making this critical determination.
early trend definition is a very powerful concept which you will need to master
early in your education as a day trader. With this concept fully in mind your
ability to select the trades with the highest probability of a market move in
your direction will increase dramatically.
trades will surface during the duration of a trading day. Our task is to
graphically determine which trades have the best success of increasing the
balance in our trading accounts at the end of the day.
If one could determine,
lets say after the first 90 minutes of the day or less, that the predominant
trend for the day was up, we would then be able to take trades only in the
direction of the predominant trend.
the old axiom, “the trend is your friend”.
The task here is to determine which way the train is headed early in the
trip. After we know which direction the train is going, the task of riding along
the right way becomes significantly greater.
on in this manual we’ll introduce tools which will tell us when and where to
get on and off the train, and, incidentally, how far to ride each time we climb
on board. But for now, let’s concentrate on figuring out early in the day
which way our train is headed.
many ways, trying to trade the wrong side of the market is roughly akin to
standing on the rails attempting to stop the locomotive with your bare hands.
Would you rather ride comfortably on the luxury liner or become “Day Trader
Road Kill” between the tracks?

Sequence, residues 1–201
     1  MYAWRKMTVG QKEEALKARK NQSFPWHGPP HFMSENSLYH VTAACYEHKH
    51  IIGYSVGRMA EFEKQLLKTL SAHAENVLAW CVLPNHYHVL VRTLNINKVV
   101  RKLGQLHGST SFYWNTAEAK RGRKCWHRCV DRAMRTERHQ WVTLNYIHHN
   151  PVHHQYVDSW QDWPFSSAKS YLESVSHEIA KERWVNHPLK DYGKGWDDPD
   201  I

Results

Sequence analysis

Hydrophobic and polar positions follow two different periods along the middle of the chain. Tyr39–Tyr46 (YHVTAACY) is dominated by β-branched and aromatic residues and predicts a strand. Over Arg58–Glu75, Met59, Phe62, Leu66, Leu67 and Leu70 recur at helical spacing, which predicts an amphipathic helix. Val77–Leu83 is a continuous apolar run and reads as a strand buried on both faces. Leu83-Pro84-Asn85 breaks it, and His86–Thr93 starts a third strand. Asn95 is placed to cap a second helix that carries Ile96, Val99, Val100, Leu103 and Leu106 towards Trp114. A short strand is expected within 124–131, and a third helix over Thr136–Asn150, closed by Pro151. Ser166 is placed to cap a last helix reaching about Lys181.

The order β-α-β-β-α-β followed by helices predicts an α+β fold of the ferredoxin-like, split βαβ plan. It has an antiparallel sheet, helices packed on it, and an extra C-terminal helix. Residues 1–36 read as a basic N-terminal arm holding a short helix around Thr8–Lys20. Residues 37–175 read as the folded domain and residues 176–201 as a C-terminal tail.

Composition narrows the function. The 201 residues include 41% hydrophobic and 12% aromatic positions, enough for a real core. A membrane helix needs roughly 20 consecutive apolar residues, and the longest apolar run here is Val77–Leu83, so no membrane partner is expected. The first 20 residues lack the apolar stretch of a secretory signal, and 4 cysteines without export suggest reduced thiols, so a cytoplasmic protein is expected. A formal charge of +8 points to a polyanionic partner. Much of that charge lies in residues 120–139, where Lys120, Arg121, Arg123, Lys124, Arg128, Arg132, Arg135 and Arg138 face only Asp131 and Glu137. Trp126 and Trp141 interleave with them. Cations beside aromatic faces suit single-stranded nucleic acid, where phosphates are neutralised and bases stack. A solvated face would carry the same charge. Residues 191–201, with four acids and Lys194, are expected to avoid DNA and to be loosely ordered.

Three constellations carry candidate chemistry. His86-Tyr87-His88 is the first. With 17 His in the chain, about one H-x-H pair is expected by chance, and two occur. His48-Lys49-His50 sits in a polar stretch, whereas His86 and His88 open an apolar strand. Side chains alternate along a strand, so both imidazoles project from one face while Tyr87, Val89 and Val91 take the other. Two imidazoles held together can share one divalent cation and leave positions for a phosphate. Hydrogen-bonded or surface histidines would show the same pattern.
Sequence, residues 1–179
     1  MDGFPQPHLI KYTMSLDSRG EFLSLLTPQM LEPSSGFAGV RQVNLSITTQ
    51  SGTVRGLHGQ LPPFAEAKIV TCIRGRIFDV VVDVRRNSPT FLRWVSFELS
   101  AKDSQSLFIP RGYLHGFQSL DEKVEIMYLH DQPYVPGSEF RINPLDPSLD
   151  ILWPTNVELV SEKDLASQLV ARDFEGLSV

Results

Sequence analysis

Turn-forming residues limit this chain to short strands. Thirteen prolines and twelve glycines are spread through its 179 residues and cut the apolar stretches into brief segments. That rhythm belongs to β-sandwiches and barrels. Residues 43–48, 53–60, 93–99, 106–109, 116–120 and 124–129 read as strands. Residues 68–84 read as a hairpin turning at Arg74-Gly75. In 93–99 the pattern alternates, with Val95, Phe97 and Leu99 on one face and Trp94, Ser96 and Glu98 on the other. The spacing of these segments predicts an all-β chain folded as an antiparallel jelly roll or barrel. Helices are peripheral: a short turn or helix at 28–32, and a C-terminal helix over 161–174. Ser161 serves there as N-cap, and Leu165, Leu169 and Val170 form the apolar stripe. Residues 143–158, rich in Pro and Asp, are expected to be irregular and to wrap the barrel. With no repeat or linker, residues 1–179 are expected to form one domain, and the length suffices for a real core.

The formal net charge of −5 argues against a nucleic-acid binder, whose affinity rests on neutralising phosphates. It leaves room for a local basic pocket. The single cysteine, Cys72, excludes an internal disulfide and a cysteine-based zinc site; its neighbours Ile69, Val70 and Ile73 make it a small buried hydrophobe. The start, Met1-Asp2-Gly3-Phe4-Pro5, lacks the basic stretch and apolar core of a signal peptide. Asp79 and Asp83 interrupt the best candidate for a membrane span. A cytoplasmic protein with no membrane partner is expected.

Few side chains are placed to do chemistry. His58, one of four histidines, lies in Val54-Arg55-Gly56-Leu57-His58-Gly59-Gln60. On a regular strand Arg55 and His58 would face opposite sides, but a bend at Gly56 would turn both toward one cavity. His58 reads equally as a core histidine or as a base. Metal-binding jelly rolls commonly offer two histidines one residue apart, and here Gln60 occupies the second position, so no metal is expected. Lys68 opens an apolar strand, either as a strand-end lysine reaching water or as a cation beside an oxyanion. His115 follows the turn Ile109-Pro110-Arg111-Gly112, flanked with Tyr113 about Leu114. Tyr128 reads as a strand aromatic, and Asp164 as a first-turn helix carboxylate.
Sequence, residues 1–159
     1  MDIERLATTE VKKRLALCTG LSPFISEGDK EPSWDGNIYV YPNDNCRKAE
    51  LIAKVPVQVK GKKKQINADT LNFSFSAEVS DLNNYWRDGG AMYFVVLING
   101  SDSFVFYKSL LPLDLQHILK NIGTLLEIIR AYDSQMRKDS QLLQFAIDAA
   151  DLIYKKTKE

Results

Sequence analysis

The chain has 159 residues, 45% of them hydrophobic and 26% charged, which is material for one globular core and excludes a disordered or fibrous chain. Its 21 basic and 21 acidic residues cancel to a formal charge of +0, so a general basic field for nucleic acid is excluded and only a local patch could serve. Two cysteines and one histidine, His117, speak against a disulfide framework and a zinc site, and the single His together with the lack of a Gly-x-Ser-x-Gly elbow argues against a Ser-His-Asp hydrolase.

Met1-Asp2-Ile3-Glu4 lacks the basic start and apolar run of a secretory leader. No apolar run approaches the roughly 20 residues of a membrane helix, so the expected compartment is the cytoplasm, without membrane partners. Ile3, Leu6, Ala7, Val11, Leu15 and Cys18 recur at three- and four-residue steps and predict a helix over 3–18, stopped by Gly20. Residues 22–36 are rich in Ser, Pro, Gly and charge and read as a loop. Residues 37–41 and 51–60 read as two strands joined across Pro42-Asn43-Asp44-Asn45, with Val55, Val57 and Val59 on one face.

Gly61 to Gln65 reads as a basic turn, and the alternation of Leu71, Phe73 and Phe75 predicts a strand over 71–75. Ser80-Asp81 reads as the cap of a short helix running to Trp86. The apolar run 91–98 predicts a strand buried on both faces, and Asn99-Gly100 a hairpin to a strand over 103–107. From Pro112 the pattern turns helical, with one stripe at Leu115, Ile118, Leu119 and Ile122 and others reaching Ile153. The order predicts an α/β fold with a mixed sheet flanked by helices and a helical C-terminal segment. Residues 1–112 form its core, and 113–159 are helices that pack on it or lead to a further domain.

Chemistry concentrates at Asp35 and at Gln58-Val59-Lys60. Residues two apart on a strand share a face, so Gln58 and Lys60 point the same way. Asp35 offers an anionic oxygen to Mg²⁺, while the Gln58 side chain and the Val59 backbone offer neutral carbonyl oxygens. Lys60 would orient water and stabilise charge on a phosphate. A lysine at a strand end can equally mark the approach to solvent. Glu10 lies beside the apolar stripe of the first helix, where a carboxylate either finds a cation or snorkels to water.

Construction & Interpretation
JFC Market Direction Indicator will appear on your chart on subgraph 2 or any other
subgraph of your choice. Do not plot this indicator in subgraph 1 as significant
chart distortion will appear which will
plots will appear as two different colored histograms. As with all of these trading tools, a blue color will relate to a buying situation and a red color
will indicate a selling situation is in order. The blue histogram will plot
above the zero line and the red histogram will plot below the line.
indicator measures both the positive and negative energies within the market and
then does a comparison between the different energy levels. The positive energy
of the market is charted by the blue histogram while a red plot depicts the
level of negativity in the market.
Therefore, 60 – 90 minutes into the market day,
if you observe more blue than red on the subgraph containing the indicator you
can be confident in expecting an up day for the remainder of the day.
Conversely, an abundance of red visible on the general plot will be telling you
that the most profitable trades will be found on the short side for this day.
is a third plot on the indicator which measures the balance between the positive
and negative internal market forces. This calculation is represented by the line
you will see plotted overlaying the histograms. If it is plotted on the red
portion of the indicator it will appear as a yellow line while it will appear as
a white line when it is in the blue portion of the subgraph.
line is a very important one to observe occasionally during days which are
identified early on in the trading day as being sideways in nature. Careful observation of this plot can give you an early warning of a
general trend change for the day.
particular attention to the balance line when it approaches the zero line which
separates the red and blue histogram
plots. If, for instance, the balance line is approaching the zero line from